''How do I tell Mom that sharing a hotel room in different cites and killed bad guys ever so often is normal witch friends stuff?"

”How do I tell Mom that sharing a hotel room in different cities and killing bad guys every so often is normal witch friends stuff?”

I don’t think she’s gonna buy any of that, Kerry.  Particularly if she finds out about the locket you gave Annie.  And the charm bracelet.  And the rare book.  And the expensive leather flying jacket…

Like it or not, while the word hasn’t yet been said–at least not in this excerpt–Louise likely had the term “girlfriend” floating about in her brain there for a second, and that means there’s another girl in your son’s life.  A girl who is going to replace you in his life–

Who am I kidding?  You can only replace someone if they were there in the first place.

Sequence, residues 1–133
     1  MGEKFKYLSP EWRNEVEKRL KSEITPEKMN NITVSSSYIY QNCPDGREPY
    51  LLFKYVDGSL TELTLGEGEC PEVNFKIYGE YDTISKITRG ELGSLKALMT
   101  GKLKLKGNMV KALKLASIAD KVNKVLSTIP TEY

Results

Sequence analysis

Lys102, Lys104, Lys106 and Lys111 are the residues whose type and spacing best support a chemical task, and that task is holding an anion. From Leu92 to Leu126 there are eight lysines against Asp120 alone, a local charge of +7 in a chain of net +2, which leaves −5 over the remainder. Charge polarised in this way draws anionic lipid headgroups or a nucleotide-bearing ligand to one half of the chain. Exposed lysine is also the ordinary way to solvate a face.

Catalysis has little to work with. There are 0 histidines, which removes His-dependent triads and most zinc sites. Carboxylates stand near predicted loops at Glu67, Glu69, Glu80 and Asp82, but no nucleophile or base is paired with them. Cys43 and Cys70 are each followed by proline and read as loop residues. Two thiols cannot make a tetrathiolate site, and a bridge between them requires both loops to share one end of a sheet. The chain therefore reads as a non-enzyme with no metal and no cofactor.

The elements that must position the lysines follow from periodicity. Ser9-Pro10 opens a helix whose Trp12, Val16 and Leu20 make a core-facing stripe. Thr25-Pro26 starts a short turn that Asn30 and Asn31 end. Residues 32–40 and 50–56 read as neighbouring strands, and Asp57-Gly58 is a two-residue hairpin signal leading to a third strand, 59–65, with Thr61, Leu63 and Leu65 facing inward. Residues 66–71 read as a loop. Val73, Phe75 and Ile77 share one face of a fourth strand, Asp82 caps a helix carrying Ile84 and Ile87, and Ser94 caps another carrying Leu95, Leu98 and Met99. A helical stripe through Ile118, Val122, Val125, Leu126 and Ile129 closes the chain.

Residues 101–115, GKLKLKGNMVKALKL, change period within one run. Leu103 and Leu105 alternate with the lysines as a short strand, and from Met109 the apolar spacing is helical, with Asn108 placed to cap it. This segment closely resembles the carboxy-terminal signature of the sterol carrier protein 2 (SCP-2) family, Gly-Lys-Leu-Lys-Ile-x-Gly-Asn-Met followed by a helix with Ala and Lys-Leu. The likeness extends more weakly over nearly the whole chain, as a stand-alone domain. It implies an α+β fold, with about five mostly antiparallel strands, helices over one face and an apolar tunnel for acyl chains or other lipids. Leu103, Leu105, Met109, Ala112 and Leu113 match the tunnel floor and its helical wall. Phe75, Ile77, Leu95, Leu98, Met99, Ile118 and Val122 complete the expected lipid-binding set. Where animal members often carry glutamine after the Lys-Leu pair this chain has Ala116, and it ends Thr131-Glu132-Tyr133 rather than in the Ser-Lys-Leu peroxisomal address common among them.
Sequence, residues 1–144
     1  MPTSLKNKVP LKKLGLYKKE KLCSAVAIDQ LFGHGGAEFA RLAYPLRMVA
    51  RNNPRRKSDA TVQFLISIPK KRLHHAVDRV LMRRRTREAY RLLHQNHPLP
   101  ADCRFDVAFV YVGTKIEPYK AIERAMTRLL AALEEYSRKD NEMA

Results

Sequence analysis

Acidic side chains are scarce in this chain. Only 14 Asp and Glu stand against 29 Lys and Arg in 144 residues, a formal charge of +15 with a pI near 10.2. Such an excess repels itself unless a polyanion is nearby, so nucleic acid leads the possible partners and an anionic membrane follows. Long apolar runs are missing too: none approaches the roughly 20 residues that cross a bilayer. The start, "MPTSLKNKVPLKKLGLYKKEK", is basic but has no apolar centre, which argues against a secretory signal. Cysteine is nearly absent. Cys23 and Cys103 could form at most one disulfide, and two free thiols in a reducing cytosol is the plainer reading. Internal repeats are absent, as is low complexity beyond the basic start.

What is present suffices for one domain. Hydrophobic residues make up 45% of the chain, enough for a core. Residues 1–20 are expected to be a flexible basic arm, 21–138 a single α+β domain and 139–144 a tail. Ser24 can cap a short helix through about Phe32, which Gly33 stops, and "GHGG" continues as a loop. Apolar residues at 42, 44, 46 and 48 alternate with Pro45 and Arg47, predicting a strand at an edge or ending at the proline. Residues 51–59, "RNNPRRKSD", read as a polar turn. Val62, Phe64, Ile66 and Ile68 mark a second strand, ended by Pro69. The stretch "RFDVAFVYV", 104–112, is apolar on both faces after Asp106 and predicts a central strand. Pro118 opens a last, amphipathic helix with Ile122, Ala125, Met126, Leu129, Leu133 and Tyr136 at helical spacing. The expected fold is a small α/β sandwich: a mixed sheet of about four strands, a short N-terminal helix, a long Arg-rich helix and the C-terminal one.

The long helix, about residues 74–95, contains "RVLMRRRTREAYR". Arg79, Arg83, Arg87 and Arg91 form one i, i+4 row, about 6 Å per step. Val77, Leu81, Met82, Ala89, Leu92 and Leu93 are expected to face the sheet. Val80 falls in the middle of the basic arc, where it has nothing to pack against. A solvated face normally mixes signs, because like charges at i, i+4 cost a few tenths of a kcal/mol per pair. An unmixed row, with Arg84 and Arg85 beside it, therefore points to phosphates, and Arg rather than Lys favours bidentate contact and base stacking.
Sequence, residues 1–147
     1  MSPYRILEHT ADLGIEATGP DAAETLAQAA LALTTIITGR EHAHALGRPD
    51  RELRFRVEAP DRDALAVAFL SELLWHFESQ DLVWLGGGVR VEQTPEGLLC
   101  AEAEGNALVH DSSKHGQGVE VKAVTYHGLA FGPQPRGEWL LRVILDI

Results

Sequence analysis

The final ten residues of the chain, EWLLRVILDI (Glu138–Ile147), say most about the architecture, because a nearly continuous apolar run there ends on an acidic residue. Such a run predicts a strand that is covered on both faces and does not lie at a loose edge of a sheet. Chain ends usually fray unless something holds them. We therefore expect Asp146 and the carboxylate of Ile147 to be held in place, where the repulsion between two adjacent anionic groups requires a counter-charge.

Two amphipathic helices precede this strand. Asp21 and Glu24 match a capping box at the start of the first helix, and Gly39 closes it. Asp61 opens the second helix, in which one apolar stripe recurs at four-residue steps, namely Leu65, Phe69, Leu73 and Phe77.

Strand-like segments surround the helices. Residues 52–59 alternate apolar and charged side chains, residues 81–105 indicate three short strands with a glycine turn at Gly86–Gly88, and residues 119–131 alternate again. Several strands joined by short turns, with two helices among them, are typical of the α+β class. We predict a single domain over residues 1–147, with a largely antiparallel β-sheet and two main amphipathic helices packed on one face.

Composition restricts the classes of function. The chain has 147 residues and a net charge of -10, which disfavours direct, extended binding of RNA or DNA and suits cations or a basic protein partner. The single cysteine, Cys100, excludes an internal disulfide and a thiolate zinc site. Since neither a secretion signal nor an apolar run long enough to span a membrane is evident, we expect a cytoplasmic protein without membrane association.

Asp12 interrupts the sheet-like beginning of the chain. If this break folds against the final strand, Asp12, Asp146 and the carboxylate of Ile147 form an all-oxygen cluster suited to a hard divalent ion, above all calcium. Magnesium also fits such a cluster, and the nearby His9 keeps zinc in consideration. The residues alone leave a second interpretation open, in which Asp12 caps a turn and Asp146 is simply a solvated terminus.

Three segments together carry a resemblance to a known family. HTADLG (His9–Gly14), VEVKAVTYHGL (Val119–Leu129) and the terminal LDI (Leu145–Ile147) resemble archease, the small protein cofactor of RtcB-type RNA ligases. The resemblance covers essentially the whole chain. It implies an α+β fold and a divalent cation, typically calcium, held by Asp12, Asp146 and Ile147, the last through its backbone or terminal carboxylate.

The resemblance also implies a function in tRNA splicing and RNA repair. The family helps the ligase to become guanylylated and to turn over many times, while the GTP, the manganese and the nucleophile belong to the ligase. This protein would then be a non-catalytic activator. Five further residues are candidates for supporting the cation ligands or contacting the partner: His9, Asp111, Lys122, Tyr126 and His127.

15 thoughts on “The Bad Back Home

  1. I love the last comment because it’s nearly the same as the one I thought right before reading it: Annie filled a spot that had been vacant a loooooong time before.

    • Yes, that’s true. Still, Kerry has a lot to work out. These feelings can be so strange to him at times.

      And while Annie has filed that spot, he’ll never think of her as the mother he needs in his life. She’s more than that.

      • So much more. It’s as you’ve said in the past, Kerry knows very little about affection because his parents tend to ignore him. The affection Annie shows him, and even that which others who care about him, won’t replace the kind of affection he might have gotten fromhis parents. It will be different. Better in some ways and not what he needs in others.

        It almost sounds like Kerry’s labeled his parents as having next to no more chances in his life, but if he is willing to put up with them, it makes me wonder if maybe his mom might try to become more involved with his life.

        • Really, wanting affection from his parents has been a big thing with him, and it’s hurt him that he hasn’t gotten it. Given that Louise is a bit of a selfish cow, it may be a while before she gets involved in her son’s life–though I wonder how she’ll like being involved in her daughter’s life? 😉